Saturday, June 1, 2019

Social Contract (The Caravan)


The Hyundai Santro that picked me up last December at a bus stop at Oon, a small town in the Khargone district of Madhya Pradesh, had a bumper sticker that read, “musli ki kripa”—musli’s benevolence. Unlike the usual references on bumper stickers, musli was not some local deity. It was, in fact, an herb, a cash crop cultivated by farmers of the region, which is widely used for Ayurvedic medicines and sold at a price as high as R1,500 per kilogram. As we drove to the village of Raibidpura, Deepak Verma, who owned the car—he was the sole car owner among the farmers in his village—proudly claimed to have brought this unconventional crop to the village.

It was not musli, however, that had brought me to Raibidpura. I first heard about the village, in 2017, when I learnt about how its residents were excelling at contract bridge—a four-player card game, generally perceived as a game of the urban elite. Located just over twenty kilometres from the district headquarters, Raibidpura was predominantly a village of farmers. Deepak told me that the majority of the farmers in the village, which has a population of around five thousand people, belonged to the Gurjar community, which is classified as Other Backward Classes in Madhya Pradesh.

Raibidpura is not a typical Indian village. The farmers here have experimented with non-traditional crops such as musli. The crime rate is negligible. A significant part of the population consists of schoolteachers. Mass weddings are often held, to help lower expenses. And then, there is the obsession with bridge. The game, which is believed to have arrived in India in 1904, has been an integral part of Raibidpura’s culture for over five decades now.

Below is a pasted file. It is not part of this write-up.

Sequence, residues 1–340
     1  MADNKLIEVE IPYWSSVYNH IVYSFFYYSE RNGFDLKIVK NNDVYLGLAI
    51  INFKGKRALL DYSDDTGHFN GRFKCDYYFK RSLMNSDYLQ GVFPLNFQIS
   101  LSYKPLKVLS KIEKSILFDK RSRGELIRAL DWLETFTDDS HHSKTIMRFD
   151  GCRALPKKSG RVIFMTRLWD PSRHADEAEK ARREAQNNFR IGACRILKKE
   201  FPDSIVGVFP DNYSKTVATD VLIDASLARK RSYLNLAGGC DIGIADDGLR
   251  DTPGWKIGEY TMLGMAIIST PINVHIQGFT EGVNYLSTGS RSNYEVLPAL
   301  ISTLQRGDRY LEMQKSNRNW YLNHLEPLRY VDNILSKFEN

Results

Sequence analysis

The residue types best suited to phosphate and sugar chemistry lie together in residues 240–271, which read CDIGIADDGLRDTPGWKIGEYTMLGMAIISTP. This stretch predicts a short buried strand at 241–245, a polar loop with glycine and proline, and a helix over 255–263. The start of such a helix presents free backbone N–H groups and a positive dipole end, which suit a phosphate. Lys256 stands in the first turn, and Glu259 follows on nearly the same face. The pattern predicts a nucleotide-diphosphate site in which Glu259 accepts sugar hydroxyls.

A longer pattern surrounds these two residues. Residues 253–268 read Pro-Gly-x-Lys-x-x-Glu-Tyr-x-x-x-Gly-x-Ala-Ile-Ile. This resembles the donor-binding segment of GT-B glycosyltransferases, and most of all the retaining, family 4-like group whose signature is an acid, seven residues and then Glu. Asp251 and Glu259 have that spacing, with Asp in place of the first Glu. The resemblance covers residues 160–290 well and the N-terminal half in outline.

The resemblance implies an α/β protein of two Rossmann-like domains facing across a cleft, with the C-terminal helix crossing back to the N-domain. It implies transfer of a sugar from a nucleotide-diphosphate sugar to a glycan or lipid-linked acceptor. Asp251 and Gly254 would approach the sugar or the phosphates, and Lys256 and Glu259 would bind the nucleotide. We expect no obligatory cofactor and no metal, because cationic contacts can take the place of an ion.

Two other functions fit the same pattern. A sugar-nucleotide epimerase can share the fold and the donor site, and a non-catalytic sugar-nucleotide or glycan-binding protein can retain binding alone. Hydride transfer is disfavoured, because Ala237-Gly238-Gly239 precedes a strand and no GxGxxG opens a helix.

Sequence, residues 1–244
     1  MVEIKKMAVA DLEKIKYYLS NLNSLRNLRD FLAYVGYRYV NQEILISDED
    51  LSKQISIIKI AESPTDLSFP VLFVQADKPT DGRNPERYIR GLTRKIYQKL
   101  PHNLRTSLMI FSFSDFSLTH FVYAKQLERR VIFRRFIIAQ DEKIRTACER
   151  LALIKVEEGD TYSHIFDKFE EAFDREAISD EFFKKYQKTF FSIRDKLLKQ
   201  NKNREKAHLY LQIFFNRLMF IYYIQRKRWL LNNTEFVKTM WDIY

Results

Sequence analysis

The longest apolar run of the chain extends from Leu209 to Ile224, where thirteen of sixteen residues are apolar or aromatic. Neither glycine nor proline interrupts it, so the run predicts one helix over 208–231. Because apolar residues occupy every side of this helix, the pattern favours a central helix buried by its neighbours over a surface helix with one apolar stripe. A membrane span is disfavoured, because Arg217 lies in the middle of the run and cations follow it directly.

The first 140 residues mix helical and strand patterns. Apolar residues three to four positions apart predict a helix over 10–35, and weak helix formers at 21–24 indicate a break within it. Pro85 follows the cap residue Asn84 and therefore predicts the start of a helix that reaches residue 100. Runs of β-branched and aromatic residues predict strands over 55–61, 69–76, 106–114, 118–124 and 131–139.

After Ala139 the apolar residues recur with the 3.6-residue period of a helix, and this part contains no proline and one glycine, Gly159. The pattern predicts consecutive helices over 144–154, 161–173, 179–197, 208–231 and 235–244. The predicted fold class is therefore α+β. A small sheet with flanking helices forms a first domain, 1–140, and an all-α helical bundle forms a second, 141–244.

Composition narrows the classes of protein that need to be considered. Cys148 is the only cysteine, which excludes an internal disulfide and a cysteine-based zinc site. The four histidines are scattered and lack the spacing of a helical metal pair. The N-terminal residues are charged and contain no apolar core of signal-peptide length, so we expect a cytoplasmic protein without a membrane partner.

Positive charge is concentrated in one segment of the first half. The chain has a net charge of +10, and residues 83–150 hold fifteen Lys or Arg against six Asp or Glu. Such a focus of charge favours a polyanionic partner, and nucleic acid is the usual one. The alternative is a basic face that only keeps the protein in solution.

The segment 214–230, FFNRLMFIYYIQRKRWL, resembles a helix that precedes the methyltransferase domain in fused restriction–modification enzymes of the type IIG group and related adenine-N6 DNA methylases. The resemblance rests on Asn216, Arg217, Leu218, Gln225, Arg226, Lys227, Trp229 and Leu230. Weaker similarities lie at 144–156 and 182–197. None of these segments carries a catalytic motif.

(Read the remaining text of the piece here!)

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Tuesday, April 9, 2019

Postcard from Mattur (The Indian Quarterly)

We step down from Talguppa Express onto the platform of Shivamogga Town Railway Station at 5am. Still adjusting to the light after a short night’s sleep, I squint at the illuminated minarets of a nearby mosque.

My husband and I hail an autorickshaw to traverse the 10 kilometres to Mattur—popularly known as Sanskrit Gram. It is Eid-e-Milad today. Shivamogga is decorated with strings of tiny green bulbs twined over trees and networks of suspended green prayer-flags which seem to bring crescent moons and stars closer to the earth. The only constant sound is the vroom of our rickshaw. For the last few kilometres to Mattur, the dark road becomes narrower, as if squeezed by the areca nut and coconut plantations on both sides.

Our destination, sans sufficient street lights and signboards, is at a missable turn. We have a room reservation at Sanskrit Bhavan adjoining Sharda Vilas School. We are welcomed by an illuminated statue of the Goddess of Learning, poised and decked-up for our early morning arrival. The Bhavan houses four spartan rooms (named after Sanskrit scholars: Vyasa and Valmiki with attached bathrooms, and hot water facilities, Panini and Chanakya without amenities). The village is otherwise devoid of any hotels or restaurants.

Mattur is a hamlet in Karnataka inhabited by about 350 Brahmins who live in a designated cobblestone square. The Brahmin men wear their traditional white cotton, two-part attire; long tuft of hair on crown of head; three horizontal white lines (tilak) on forehead; and walk mostly barefoot in their quarter.

I sit with one such man—Lakshmi Upadhyay—on the ghat by the river Tunga. Upadhyay is a Kul Purohit (family priest by lineage), invited by people in villages and cities alike to perform rituals for life events such as birth, house-warming, marriage and death. “We are like jokers in a pack of playing cards who are common to all and who can be joined with any item,” he says, referring to how they are prerequisites to various family occasions.

Read the full article in April-June issue of IQ available at your nearest bookstore! The online version is here.

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